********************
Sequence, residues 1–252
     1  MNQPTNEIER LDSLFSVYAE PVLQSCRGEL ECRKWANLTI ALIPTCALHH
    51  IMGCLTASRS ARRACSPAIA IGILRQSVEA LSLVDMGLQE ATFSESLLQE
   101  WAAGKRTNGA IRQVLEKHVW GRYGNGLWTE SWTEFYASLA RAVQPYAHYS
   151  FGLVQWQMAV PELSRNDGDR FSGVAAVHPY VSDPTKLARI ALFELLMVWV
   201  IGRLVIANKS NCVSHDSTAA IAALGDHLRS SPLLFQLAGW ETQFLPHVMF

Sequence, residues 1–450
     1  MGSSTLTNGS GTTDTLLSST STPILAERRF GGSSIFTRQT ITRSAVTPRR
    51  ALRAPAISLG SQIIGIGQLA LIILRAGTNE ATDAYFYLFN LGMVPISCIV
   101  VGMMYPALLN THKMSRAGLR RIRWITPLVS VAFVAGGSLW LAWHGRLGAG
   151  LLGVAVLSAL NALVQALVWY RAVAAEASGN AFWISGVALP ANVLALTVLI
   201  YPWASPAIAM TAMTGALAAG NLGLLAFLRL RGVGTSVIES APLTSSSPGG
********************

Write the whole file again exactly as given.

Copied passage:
Sequence, residues 1–252
     1  MNQPTNEIER LDSLFSVYAE PVLQSCRGEL ECRKWANLTI ALIPTCALHH
    51  IMGCLTASRS ARRACSPAIA IGILRQSVEA LSLVDMGLQE ATFSESLLQE
   101  WAAGKRTNGA IRQVLEKHVW GRYGNGLWTE SWTEFYASLA RAVQPYAHYS
   151  FGLVQWQMAV PELSRNDGDR FSGVAAVHPY VSDPTKLARI ALFELLMVWV
   201  IGRLVIANKS NCVSHDSTAA IAALGDHLRS SPLLFQLAGW ETQFLPHVMF

Sequence, residues 1–450
     1  MGSSTLTNGS GTTDTLLSST STPILAERRF GGSSIFTRQT ITRSAVTPRR
    51  ALRAPAISLG SQIIGIGQLA LIILRAGTNE ATDAYFYLFN LGMVPISCIV
   101  VGMMYPALLN THKMSRAGLR RIRWITPLVS VAFVAGGSLW LAWHGRLGAG
   151  LLGVAVLSAL NALVQALVWY RAVAAEASGN AFWISGVALP ANVLALTVLI
   201  YPWASPAIAM TAMTGALAAG NLGLLAFLRL RGVGTSVIES APLTSSSPGG